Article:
February 8, 2016

REMEMBER, SOCIAL-JUSTICE WARRIORS ARE THE ANGRY PEASANTS WITH PITCHFORKS, MASQUERADING AS THE VOICES OF MORALITY AND REASON: Elizabeth Nolan Brown: How Maryland ‘Neomasculinity’ Blogger Roosh V Became an International ‘Pro-Rape’ Villain; A case study of collective catharsis through call-out culture and moral panic as meme.

The bottom line, though, is that “not a single woman has been hurt by me,” says Roosh. “I’ve never been accused of rape, I’ve never been charged. No follower of mine has read something of [mine], and then gone on to rape, because I know if they did hurt a woman it’d be all over the news.”

The whole thing calls to mind two more male writers: Matt Taibbi, probably best known for his work at Rolling Stone, and Mark Ames, who now writes for outlets such as Pando. The pair worked together at an English-language newspaper in Russia in the late ’90s and subsequently published a book about the experience called The Exile: Sex, Drugs, and Libel in the New Russia. Within this book, there are scenes of the mostly-male Exile editors sexually harassing their administrative staff—going so far as to tell secretaries they must sleep with them to keep their jobs—and Ames threatening to kill his pregnant Russian girlfriend if she doesn’t get an abortion. The men never claimed it was satire or nonfiction. In explaining, Ames was prone to saying things like “Russian women, especially on the first date, expect you to rape them.”

Despite this, Taibbi and Ames have continued to flourish as leftist writers, and as far as I know no feminist groups or Canadian mayors have tried to prevent either from visiting the country. Perhaps they’re just lucky to have come of age in a different Internet era. Perhaps it helps that their politics and progressive credentials are otherwise right. . . .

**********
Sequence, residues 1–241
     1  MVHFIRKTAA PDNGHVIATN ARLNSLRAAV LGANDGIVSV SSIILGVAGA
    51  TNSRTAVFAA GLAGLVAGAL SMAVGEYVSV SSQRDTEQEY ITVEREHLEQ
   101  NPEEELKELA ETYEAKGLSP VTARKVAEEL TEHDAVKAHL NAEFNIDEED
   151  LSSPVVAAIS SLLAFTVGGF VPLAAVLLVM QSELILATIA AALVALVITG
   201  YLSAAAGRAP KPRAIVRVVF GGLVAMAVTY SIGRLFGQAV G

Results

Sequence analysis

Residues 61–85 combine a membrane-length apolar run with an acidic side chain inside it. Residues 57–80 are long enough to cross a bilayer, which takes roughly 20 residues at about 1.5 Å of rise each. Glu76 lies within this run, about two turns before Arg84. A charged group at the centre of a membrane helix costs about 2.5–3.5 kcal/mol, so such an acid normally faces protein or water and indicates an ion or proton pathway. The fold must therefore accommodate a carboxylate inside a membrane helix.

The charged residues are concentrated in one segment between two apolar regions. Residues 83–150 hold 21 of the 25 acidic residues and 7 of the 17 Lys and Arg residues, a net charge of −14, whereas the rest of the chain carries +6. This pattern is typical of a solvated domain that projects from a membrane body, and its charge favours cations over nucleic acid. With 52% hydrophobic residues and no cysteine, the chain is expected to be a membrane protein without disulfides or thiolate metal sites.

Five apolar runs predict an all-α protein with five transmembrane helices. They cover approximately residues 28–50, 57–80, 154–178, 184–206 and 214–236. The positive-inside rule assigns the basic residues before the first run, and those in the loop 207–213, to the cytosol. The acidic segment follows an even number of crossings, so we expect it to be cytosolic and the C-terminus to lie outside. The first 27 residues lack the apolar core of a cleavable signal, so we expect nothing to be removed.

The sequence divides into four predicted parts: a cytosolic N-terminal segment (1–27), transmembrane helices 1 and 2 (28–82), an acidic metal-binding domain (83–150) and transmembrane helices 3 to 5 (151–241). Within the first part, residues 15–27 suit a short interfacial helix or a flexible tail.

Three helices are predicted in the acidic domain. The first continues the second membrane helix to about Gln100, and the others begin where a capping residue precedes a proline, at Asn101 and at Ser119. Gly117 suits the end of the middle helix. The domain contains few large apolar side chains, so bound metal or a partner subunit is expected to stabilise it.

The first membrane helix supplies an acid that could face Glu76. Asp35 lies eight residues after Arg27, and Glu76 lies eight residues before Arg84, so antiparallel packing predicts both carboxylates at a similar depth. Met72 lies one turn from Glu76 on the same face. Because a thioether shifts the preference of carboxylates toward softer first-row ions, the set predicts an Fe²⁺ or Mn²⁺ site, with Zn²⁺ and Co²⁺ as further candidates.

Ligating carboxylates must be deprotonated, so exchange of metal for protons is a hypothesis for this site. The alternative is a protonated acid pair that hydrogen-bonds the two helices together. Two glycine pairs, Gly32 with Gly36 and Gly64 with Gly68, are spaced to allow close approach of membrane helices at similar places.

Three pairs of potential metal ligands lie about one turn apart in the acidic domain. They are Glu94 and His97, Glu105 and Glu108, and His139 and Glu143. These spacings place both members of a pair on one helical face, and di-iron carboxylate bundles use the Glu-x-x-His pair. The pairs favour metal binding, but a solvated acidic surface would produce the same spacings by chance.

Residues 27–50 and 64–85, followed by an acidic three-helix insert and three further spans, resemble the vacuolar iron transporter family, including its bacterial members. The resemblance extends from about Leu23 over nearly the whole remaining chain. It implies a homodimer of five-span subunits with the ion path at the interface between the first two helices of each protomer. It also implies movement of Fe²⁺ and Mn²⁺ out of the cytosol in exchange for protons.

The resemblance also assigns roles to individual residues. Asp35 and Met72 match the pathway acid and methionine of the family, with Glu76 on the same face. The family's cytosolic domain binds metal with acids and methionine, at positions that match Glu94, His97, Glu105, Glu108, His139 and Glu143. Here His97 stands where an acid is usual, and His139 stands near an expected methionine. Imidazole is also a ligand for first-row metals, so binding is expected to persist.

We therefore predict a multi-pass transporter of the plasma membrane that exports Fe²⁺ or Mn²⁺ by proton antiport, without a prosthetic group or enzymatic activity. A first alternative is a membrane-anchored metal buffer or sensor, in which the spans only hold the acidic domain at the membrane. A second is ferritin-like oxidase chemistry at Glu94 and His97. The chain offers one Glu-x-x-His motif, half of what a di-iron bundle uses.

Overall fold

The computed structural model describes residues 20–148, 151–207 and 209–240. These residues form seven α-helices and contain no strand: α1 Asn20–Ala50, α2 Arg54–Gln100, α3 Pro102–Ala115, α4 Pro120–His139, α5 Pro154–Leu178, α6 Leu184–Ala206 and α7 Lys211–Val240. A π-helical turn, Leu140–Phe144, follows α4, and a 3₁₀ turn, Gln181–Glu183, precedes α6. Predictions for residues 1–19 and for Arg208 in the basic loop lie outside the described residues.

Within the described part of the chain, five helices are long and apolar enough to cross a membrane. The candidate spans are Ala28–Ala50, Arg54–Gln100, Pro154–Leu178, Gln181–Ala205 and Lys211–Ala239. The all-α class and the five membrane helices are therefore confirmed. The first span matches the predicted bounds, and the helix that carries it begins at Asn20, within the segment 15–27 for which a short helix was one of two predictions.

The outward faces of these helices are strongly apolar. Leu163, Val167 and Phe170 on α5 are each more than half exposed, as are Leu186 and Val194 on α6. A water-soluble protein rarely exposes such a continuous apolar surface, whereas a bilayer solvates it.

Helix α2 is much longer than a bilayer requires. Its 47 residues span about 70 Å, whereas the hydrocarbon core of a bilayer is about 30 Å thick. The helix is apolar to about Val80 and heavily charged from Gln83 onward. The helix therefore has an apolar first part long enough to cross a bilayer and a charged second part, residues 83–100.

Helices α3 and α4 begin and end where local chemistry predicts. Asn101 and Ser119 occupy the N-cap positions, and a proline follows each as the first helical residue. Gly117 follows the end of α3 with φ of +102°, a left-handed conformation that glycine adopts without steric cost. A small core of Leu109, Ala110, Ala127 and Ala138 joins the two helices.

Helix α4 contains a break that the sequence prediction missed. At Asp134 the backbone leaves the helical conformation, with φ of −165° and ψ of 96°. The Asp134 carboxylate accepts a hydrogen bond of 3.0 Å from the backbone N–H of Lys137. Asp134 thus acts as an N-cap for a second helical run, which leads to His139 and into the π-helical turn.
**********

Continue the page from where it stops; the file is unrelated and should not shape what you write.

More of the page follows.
As much as we might hate to admit it, Roosh is a journalist. His main site, Return of Kings—one of the hubs of what’s sometimes called the “Manosphere”—and its forums get two million visits per month. As neither Roosh nor any writers or readers of Return of Kings were under suspicion of criminal behavior, it is at the very least bizarre that law-enforcement officials would feel the need to comment and keep an eye on their gathers. And it’s probably the kind of thing we should condemn, those of us interested in freedom of speech, press, movement, and association.

People will object that these groups were “pro-rape” meetups. But outside media misinformation, there was nothing about the proposed happy hours to suggest they had anything to do with rape.

Well, if he were — seriously, not satirically — writing “pro-rape” manifestos in the name of Islam, his right would be zealously protected by the same people who subjected him to a high-tech lynching.

And, meanwhile, Bill Clinton, who has actually been accused of rape, is out campaigning for Hillary.

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